There are lots of ways to grow up. The method offered by Somersault is to do something awful and then flee from it. This dreamy, sexy and rather chilly coming-of-age story from Australia captures a teenager's attempt to escape her past, to build something new atop the rubble of what came before and ultimately to hide it. What the young woman learns is what everyone learns: It can't be done.
Writer-director Cate Shortland faces no small challenge; her heroine, Heidi (gorgeous newcomer Abbie Cornish), is both passive and tough, blurry and angelic, confused and concealed. She's wonderful to watch but difficult to love, since she only occasionally strives for what she wants. The rest of the time, she lets the world deliver what it will. So while Somersault will never lose your interest, it will occasionally test your patience, as you wait for Heidi to snap out of her reverie and take a stand.
The film opens with Heidi seducing her mother's boyfriend, a move she later refers to as having "kissed" him--a euphemism issuing from denial. Heidi's mother walks in and busts them both, and, after pleading hysterically and being pushed away, Heidi heads to the bus station. Her destination is the mountain ski town of Jindabyne, set on a shimmering lake. Once there, she finds a club, dances with the first boy who smiles at her and heads home with him. Lodging problem solved, at least for a night.
Written and directed by Cate Shortland. Starring Abbie Cornish, Sam Worthington and Lynette Curran. Opens Friday.
From there it's on to the next boy, a brooding brunette named Joe (Sam Worthington). For Heidi, this one's a keeper, no doubt because he won't have sex with her immediately and because he's silent and mysterious and difficult (and an alcoholic). When he won't return her calls, she rehearses conversations with him, striking poses and kissing herself in the mirror. Meanwhile, Heidi is befriended by Irene (Lynette Curran), the motherly proprietor of a motel, and given a flat to stay in. A job at a gas station provides a bit of income, and a young woman who works there a potential friend.
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It's a life, of sorts. But what makes it all interesting, even bewitching is the painterly cinematography of Robert Humphreys, who employs various lighting techniques to alternate between hues of blue, red, and yellow/green; exterior scenes are almost always icy and interiors warm, bringing us into Jindabyne's--and Heidi's--climate. Heidi's defenses sheathe her in a layer of frost that hides the fire within: Beneath the sex is shame. And there's a kind of loose focus, a fuzzy daydream feeling to Somersault--an outward expression of what's happening internally for the characters. Both Heidi and Joe are too young and too lost to see clearly.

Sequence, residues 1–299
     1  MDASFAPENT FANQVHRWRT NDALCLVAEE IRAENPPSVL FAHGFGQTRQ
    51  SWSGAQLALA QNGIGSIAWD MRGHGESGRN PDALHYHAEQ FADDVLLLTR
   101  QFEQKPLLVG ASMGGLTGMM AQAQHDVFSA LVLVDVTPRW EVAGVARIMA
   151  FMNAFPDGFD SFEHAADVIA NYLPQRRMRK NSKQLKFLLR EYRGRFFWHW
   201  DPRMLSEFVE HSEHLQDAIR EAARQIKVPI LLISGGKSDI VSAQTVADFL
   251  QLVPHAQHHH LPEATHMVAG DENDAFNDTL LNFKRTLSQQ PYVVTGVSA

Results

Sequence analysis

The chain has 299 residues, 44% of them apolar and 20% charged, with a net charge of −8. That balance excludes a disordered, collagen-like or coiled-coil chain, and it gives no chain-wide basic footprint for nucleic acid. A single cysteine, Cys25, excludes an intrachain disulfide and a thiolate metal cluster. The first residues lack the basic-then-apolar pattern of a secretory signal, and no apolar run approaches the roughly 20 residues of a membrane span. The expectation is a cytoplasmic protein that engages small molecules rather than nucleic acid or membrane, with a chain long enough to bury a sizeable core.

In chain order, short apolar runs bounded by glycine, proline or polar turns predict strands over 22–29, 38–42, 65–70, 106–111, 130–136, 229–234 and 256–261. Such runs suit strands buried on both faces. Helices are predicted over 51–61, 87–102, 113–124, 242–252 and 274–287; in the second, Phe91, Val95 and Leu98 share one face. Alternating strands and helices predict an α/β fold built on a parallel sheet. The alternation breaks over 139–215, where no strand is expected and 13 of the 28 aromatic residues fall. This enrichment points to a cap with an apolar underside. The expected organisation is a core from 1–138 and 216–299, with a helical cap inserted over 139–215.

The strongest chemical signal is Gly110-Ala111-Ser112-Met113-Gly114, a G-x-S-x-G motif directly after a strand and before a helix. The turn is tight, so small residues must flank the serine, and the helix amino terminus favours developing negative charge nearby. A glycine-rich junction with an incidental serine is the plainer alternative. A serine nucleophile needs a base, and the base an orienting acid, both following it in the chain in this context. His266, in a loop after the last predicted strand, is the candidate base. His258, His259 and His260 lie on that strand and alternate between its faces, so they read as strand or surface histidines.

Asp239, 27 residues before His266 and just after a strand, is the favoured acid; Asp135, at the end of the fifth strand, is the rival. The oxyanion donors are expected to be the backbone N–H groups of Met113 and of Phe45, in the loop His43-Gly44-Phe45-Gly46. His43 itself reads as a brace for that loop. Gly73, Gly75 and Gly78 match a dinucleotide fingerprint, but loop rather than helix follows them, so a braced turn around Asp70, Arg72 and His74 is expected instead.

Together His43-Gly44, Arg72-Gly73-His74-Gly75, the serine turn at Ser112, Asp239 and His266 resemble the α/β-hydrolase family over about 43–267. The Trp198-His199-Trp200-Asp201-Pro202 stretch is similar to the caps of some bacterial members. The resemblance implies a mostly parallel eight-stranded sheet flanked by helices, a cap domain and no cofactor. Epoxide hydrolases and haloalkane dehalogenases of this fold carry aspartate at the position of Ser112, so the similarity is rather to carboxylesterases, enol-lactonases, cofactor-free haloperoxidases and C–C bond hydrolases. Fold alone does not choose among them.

Carefully, slowly, Shortland reminds us that Heidi is still a child. For all of her sexual posturing, she also loves unicorns and glitter and is transfixed by toys and children's songs and rhymes, which she recites after sex with Joe. (The film's title suggests a childish tumble.) During one key moment, Heidi finds a pair of red-tinted ski goggles in a trash heap and tries them on, lending her world a rosy glow. When Joe does it in a later scene, with a red wine glass, we're meant to see a reason for their connection. But isn't it just conveniently translucent for them both?
Any film about two people who can't face their feelings risks coming off cold, and Somersault does feel remote much of the time. About a half-hour in, when the point of view changes from Heidi's to Joe's, we expect to get a handle on why he's such a stone. But even though he has an inert father and stupid friends, there's not much by way of explanation. In a sense, the same goes for Heidi: Sure, she shouldn't have hooked up with her mother's boyfriend, but what were the stakes? Had her mother been with him for a while? Was her relationship with Mom already strained? When did sexuality become Heidi's relational milieu of choice? It's hard to know whether her move to the mountains is truly warranted or merely an act of teenage opera. We're meant to take both protagonists' behavior as givens; but if doing so keeps us in an intoxicating dream state for much of the film, it occasionally also leaves us feeling empty.
Somersault has other faults, particularly in its overplaying of symbols. But its sleepy sexuality and artful cinematography give it an appealingly moody grace. And the final emotional release, in which Heidi at last breaks through to the burning beneath, is nothing short of cleansing.